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Virginia Nicholls.
Virginia Nicholls.
The Otago business community will head into 2020 with the belief that things will get worse.

The latest Chamber of Commerce review of business confidence for the third quarter showed a pessimistic streak emerging among its members: more than half of the 100 respondents expected the general business climate to deteriorate over the coming six months.

An additional 34% did not believe things will improve, meaning that 87.5% of businesses were operating under the assumption that there would be no improvements over the first part of next year.

Ten percent of business owners also expected their own general business situation to get worse.

Otago Chamber of Commerce chief executive Dougal McGowan said the numbers reflected continued concerns around costs of doing business, with compliance, wages and productivity costs associated with new staff being major issues.

"The increasing average costs of doing business have risen to 57% with profitability as the second-biggest worry, with more than 38% believing their profits will decline in the coming months. ''

Mr McGowan said the biggest effect on profit was still staff costs, followed by exchange rates and then fuel costs.

"Skilled works heading into the peak tourist season and Christmas period will also put pressure on business wanting to take advantage of increased consumer and visitor spending over the next few months'', he said.

Meanwhile, overall activity in the region's services sector was slightly above the average for the prior year, at 58.8 points, led by services activity levels.

The numbers were half a point down, however, on the same time last year.

Otago Southland Employers' Association chief executive officer Virginia Nicholls said a steady rise in the tourist sector reflected conferences and events, as well as the start of the cruise ship season which had assisted tour operators in Dunedin in particular.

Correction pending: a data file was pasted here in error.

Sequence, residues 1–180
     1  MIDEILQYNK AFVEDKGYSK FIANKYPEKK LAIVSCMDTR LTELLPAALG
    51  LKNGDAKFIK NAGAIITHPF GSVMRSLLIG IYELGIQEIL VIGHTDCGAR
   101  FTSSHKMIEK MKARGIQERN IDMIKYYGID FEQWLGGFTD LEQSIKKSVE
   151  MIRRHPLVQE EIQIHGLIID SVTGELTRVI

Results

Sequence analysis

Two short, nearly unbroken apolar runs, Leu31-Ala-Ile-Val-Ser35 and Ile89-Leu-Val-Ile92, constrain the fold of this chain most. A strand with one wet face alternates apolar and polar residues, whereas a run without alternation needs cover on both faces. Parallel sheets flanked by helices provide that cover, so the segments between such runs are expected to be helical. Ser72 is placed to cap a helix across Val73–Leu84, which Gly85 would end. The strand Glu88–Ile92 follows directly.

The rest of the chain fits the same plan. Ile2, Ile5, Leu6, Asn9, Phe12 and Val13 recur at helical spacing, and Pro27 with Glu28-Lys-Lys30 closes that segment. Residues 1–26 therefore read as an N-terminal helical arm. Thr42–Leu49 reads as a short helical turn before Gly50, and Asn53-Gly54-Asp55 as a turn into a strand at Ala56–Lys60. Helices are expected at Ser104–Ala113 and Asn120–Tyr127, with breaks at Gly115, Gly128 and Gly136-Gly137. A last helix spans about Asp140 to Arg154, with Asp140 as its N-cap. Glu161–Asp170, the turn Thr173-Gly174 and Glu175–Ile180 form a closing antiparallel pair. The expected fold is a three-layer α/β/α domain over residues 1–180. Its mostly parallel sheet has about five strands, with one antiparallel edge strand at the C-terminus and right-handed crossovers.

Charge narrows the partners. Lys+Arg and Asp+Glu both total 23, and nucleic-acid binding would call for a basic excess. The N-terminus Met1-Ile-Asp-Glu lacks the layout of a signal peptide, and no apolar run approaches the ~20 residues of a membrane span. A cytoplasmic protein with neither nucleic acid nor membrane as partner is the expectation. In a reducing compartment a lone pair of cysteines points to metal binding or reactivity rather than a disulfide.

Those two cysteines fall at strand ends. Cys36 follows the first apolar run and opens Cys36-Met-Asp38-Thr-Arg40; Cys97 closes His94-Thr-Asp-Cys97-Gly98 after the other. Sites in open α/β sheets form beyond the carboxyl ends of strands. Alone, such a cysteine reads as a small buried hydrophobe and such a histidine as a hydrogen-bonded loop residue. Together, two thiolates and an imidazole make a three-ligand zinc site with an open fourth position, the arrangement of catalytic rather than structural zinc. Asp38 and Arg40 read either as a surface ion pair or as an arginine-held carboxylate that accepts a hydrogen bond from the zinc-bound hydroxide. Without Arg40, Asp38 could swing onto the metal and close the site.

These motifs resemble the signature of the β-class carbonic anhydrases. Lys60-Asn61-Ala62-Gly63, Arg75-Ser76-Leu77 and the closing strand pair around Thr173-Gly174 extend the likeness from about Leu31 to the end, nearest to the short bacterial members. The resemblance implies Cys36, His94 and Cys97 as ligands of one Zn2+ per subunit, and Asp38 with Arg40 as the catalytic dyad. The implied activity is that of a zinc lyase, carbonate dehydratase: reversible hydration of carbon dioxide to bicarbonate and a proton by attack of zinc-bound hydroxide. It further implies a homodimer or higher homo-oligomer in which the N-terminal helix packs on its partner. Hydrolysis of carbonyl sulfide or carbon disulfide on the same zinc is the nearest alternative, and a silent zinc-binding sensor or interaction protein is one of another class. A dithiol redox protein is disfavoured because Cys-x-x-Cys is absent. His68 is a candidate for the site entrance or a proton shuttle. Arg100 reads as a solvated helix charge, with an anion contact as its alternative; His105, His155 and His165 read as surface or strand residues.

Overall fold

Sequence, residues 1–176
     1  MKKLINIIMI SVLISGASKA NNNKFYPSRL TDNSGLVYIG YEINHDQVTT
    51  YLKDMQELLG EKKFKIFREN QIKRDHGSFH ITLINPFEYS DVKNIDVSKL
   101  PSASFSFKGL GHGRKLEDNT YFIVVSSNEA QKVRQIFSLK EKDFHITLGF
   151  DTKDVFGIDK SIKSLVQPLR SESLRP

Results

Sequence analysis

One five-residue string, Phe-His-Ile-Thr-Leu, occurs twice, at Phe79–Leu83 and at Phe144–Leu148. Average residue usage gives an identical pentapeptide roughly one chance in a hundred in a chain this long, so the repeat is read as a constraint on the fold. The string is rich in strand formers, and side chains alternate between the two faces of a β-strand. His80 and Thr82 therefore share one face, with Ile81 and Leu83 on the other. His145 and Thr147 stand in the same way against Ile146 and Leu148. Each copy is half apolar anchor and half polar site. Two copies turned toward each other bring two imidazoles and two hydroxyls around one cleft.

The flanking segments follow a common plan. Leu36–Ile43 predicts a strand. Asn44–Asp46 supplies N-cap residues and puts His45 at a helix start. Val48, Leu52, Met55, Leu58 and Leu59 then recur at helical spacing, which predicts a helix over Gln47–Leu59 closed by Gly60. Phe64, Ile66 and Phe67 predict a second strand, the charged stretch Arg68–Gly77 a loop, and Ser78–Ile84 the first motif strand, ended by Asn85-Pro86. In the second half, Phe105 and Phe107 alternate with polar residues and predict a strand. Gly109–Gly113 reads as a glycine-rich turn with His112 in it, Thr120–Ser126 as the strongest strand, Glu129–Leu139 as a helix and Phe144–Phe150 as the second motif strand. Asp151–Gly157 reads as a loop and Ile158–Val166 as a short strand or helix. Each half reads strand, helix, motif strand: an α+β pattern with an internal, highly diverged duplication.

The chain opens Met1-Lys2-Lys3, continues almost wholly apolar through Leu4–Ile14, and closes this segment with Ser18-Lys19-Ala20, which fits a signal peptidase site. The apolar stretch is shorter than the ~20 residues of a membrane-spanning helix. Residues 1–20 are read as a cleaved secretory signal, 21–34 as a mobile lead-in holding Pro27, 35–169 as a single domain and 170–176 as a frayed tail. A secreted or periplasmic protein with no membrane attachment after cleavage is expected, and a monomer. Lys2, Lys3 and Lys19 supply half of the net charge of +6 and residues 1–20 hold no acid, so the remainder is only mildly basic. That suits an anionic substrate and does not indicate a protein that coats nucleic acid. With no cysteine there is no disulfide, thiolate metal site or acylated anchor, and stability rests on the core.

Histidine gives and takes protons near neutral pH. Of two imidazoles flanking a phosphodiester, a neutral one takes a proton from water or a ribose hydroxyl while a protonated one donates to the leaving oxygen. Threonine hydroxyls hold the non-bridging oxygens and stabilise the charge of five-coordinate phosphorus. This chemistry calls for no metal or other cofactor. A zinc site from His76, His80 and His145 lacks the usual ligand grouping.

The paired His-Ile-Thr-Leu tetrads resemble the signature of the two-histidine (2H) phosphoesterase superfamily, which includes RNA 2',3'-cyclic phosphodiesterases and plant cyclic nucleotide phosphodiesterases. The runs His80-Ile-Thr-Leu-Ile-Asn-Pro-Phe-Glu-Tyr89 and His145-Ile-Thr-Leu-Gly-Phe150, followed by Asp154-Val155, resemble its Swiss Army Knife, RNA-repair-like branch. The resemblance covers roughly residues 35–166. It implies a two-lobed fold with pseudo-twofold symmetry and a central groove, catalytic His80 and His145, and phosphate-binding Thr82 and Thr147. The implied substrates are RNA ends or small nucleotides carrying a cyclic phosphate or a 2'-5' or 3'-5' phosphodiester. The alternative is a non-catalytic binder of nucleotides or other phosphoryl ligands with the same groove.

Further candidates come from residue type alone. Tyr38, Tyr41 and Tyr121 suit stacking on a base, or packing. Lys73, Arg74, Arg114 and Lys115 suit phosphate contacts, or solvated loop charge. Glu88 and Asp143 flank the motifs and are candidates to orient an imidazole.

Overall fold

"Suppliers to the cafes and restaurants, however, are reporting lacklustre sales while services supplying the construction sector remain busy, though the sector continues to be stymied by skills shortages.''

The services report was in contrast to numbers from local manufacturers, where business conditions are looking decidedly upbeat ahead of the end of year break.

At 60 points, the manufacturing numbers were led by new orders and production levels as food manufacturers and those supplying the retail trade were busy ahead of the Christmas season.



Is anybody really surprised? There is a housing shortage, the limited supply of houses available are expensive and rundown. There are no jobs. That is unless you work for DCC, ORC or the University. The value of homes has gone up which means that the rates people pay on their homes are going to go up dramatically. Why wouldn't the business community be pessimistic? Dunedin isn't a tourism destination. Tourist pass through Dunedin to/from Queenstown and Christchurch. Sure they buy trinkets, gas and food but there isnt great shopping or attractions to keep them here for more than a day. The citys existance is based upon a false economey. The mayor and council are in denial and suffocating what little life there is. I urge people to look at their next rates bill which will have dramatic increases based upon the recent QV assessment and ask themselves: "What am I getting in return?" How could you not be pessimistic?